As the year began, the Giuliani campaign seemed doomed by its own lost playbook, which listed his liabilities in bullet form: his third marriage after publicly cheating on his second wife; his consulting business with a less-than-sterling partner, Bernard Kerik; his liberal positions on abortion, gay rights and gun control, to say nothing of a New York style that might not charm red-states residents.
Yet here he is at year's end leading in the polls, the cross-dresser darling of the Religious right, with even the redoubtable Frank Rich in his Sunday Times column reduced to citing Judith Regan as the "silver bullet" that might pierce the heart of his campaign.
Not likely. More and more, Rudy is resembling the Bill Clinton of 1992, who (with an assist from you-know-who) survived his Gennifer Flowers scandal and went on to overcome stories of smoking marijuana ("I didn't inhale") and dodging service in Vietnam.
Now, as Hillary Clinton takes flak for not making her First Lady papers public fast enough, Giuliani is skating past complaints about moving 2,100 boxes of documents from his tenure as mayor to his own tax-exempt foundation before turning them back to the city. Only the mildest of questions has been raised about the papers, which include 9/11 records, being "sanitized" for campaign purposes.
After a media makeover, the current Mrs. Giuliani has emerged to make her first political speech, to an audience of cancer advocates, describing her not-then husband's reaction to hearing the news about his own in 2000.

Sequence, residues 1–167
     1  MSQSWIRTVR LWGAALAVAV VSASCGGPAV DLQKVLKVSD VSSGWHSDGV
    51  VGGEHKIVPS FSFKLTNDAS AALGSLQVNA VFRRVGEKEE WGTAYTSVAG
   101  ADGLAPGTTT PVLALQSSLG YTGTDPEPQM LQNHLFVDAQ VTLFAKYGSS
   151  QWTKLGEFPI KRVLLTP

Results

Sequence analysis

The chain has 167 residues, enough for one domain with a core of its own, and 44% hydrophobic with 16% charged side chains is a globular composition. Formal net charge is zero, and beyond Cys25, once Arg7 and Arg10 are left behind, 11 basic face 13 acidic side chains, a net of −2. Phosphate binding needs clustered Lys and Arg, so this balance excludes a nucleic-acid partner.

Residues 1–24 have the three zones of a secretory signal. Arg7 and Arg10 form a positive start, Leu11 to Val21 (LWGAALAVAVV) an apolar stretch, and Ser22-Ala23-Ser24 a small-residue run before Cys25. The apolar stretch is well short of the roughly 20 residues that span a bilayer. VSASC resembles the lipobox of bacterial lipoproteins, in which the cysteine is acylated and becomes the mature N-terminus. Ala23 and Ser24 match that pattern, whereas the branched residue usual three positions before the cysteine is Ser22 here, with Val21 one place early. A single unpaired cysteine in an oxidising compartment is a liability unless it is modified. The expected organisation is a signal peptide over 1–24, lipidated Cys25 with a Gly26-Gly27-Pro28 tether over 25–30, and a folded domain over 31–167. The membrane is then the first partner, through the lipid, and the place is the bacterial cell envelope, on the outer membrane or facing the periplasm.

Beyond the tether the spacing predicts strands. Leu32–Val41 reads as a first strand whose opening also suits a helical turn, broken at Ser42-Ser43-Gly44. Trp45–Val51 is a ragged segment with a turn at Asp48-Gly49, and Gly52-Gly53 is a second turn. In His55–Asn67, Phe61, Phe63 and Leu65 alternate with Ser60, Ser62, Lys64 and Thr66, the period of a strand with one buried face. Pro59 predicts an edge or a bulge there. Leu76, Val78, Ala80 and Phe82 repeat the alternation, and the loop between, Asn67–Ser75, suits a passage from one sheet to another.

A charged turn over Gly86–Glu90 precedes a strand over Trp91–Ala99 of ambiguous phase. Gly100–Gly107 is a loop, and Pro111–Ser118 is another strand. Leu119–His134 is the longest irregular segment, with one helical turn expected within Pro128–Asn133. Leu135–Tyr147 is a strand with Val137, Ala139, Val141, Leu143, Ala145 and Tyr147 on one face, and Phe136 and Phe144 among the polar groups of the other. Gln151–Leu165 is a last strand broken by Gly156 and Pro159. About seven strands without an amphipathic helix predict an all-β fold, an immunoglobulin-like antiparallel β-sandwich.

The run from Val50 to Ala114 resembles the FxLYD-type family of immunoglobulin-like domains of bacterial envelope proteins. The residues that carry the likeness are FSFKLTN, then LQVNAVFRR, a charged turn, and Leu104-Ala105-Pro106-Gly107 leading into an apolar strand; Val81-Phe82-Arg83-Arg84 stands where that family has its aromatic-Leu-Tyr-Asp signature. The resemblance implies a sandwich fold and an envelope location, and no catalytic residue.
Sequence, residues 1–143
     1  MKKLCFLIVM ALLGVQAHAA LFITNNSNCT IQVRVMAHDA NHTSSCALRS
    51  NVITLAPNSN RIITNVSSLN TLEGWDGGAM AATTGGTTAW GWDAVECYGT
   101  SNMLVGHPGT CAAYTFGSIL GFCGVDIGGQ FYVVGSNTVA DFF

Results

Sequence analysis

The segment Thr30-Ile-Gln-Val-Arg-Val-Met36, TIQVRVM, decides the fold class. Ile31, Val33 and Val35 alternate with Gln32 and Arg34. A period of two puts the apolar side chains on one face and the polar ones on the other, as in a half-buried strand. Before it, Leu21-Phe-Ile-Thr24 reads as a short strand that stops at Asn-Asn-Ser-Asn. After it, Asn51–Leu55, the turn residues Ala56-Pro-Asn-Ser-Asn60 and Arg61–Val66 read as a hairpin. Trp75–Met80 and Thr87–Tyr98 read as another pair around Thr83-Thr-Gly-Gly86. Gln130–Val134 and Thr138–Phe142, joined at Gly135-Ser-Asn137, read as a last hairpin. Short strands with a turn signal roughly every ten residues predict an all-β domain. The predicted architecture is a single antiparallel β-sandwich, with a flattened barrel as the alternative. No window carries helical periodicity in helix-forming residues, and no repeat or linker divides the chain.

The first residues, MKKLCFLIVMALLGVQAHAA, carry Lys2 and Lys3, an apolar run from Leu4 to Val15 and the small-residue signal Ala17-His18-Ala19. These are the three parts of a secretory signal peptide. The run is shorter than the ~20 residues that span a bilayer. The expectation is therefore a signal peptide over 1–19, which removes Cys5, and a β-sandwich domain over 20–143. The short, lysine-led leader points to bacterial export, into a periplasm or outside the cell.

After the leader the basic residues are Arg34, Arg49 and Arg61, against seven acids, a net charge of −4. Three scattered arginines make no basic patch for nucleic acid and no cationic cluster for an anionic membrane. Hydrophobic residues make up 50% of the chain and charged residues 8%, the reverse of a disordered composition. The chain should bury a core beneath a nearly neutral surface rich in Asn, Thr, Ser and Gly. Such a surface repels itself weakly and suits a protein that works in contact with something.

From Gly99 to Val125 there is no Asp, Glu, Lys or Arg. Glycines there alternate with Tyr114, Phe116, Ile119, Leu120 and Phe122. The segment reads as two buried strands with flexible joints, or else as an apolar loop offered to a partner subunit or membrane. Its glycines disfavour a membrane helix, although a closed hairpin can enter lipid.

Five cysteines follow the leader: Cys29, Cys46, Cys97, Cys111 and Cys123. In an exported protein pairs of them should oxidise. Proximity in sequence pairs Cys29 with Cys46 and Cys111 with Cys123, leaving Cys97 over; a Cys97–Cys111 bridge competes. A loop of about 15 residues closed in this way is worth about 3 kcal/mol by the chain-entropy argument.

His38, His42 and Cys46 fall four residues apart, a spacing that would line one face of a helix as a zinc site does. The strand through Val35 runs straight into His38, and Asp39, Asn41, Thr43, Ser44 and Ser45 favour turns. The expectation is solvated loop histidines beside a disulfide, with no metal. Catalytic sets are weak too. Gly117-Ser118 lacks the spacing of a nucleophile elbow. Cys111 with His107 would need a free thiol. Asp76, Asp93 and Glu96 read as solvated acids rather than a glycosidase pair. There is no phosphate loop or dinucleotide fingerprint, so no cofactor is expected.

The campaign's Southern strategy has worked well enough to bring Pat Robertson on board, even after having to dump Louisiana Sen. David Vitter of D.C. Madam fame and a South Carolina chairman accused of dealing cocaine.
After all this and more mishaps, any Judith Regan revelations from her pillow talk with Kerik and about the Murdoch empire's attempts to protect America's Mayor from gossip seem unlikely to derail him.
Only Mitt Romney's money and Iowa voters' orneriness might slow Rudy down. But then again, he could take heart from Bill Clinton's 1992 pattern, when the "Comeback Kid" bypassed Iowa and lost in New Hampshire but still went on to run the table of later primaries and get the nomination.
If the Giuliani campaign needs money, they might want to consider auctioning off signed copies of that lost playbook to die-hard supporters who have faith Rudy will prove it wrong.